MANCHESTER, New Hampshire (CNN) - Sen. Hillary Clinton spent the Saturday before Tuesday's New Hampshire primary talking…and talking…and talking.
"What I want to do today is ask you for questions about anything you need to know or any issue you want to discuss that will help you make up your minds," she told an audience in Penacook, just outside of Concord. "I love New Hampshire, I love coming to New Hampshire. I love the seriousness with which people of New Hampshire take this election."
Clinton was so concerned with making sure everyone in Penacook had a chance to ask and listen that she implored the fire marshal to let the hundreds of people gathered in the halls and outside of Merrimack Valley High School into the gym. At one point Clinton personally escorted a mother and her baby to a seat on the riser behind her and she politely ordered her daughter Chelsea to move some barriers and make room for the influx.
"See, I am a problem solver, I've been telling you that throughout this whole campaign," she said as she surveyed her handiwork and watched more potential voters file in. "I'm filling - I don't have a lot of good material but I can fill for a few minutes," she said with a chuckle as people found space.
With everyone seated, Clinton essentially chucked her stump speech and dove into a lengthy question and answer session that lasted almost two hours. Over twenty questions later (without an audience microphone) a majority of attendees were still there. After Penacook, she boarded her campaign bus with four undecided voters for an hour-long ride to Durham and then spent almost another hour talking with young undecideds (and some parents) at the Bagelry, a local eatery.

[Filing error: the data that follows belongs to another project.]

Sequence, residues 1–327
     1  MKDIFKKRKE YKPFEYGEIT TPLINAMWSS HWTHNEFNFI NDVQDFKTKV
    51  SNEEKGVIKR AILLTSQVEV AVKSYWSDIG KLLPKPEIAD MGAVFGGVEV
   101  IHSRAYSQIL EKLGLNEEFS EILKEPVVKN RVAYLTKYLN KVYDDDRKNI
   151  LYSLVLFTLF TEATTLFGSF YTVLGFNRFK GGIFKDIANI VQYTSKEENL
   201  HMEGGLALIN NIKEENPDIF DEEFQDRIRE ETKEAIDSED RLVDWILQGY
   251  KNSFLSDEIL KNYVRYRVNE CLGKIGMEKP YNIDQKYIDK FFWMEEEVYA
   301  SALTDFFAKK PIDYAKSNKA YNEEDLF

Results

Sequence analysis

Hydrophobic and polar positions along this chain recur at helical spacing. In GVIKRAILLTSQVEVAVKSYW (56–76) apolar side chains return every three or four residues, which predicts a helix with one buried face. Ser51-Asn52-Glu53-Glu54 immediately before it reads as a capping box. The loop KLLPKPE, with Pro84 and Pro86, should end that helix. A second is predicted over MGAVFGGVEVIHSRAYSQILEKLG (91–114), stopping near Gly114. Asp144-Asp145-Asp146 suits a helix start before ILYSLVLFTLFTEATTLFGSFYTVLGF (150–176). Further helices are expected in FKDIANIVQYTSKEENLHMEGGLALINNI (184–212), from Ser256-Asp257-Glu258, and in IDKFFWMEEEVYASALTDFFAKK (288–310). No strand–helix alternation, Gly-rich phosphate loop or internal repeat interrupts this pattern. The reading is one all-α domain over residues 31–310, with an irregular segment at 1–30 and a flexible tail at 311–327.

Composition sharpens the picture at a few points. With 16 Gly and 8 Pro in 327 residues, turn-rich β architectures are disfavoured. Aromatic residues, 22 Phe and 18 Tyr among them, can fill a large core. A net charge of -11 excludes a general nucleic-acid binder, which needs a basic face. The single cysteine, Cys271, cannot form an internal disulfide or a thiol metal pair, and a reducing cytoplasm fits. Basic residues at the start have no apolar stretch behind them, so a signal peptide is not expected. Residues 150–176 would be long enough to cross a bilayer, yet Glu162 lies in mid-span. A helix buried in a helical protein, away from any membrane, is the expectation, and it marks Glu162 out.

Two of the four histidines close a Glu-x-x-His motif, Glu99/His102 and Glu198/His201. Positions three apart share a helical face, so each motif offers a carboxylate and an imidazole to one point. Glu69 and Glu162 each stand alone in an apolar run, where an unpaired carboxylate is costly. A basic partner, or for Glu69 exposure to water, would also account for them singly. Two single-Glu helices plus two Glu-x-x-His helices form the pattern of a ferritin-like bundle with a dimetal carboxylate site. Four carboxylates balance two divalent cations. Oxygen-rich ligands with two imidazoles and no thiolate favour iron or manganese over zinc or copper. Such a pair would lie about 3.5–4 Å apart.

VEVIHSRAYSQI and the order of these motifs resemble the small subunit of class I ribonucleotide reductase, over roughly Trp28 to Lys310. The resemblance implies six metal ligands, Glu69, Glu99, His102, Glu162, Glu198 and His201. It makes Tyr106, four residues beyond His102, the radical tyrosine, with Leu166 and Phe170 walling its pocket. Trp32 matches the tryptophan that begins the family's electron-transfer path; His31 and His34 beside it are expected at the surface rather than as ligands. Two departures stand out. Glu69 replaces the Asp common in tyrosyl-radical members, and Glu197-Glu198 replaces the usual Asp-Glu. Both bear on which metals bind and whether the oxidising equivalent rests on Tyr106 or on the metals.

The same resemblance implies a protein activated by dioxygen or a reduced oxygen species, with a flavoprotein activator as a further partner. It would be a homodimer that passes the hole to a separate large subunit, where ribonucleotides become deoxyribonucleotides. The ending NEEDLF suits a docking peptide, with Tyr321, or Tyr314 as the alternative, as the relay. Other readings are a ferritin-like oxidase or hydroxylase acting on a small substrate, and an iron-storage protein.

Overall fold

While Clinton did take some questions and shake hands on ropelines during her Iowa campaign, the Democratic hopeful endured criticism in the final days before the caucuses for not answering more voters' inquiries more regularly. Her campaign refused to say today's profuse voter interaction was the result of a lesson learned in Iowa.
"Iowa was three days ago, we're in New Hampshire now," said Jay Carson, a campaign spokesman.
Aides believe Clinton's willingness to engage voters a la John McCain helps draw a contrast with her two major rivals. She can, they say, answer any question "in a thorough and honest way," an ability they believe will help her in New Hampshire, a state that is fiercely independent and prides itself on grilling presidential contenders.
"During her at times freewheeling Penacook appearance, Clinton fielded questions on a variety of topics from global warming to Iraq to health care.
"One of my leading opponents proposed a plan that doesn't cover everybody," she said offering an assessment of Sen. Barack Obama's health care plan. "I think that's a really big mistake. It's a mistake on the merits for a Democrat to propose a plan that doesn't cover everybody and it's a mistake politically because it cedes to the Republicans the argument that we can¹t do this. I just totally reject that."
Camp Clinton did acknowledge Saturday that it was "redoubling its efforts" to reach out to younger voters after losing that age group handily to Obama in last Thursday¹s Iowa caucus. Two of the people who rode on Clinton's bus from Penacook to Durham were college students, one of which turned eighteen today.
– CNN Senior Political Producer Sasha Johnson